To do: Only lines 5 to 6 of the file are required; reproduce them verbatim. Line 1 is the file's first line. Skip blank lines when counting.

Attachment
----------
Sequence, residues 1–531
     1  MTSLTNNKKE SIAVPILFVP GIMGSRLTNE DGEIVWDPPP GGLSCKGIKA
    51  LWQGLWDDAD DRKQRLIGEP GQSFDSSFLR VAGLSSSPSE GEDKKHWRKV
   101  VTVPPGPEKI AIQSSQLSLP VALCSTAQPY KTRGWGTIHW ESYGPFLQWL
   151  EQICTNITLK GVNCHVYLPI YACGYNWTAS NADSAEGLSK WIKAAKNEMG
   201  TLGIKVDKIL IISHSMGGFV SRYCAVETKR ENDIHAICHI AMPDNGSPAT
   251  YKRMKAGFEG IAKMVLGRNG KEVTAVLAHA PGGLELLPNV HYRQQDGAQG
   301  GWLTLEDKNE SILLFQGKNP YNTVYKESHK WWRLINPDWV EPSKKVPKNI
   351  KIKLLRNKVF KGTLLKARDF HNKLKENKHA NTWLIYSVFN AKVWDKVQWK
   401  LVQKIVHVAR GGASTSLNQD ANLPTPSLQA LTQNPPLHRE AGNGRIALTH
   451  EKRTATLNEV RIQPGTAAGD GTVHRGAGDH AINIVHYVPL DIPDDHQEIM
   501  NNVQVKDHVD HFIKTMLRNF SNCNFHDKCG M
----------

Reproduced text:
   151  EQICTNITLK GVNCHVYLPI YACGYNWTAS NADSAEGLSK WIKAAKNEMG
   201  TLGIKVDKIL IISHSMGGFV SRYCAVETKR ENDIHAICHI AMPDNGSPAT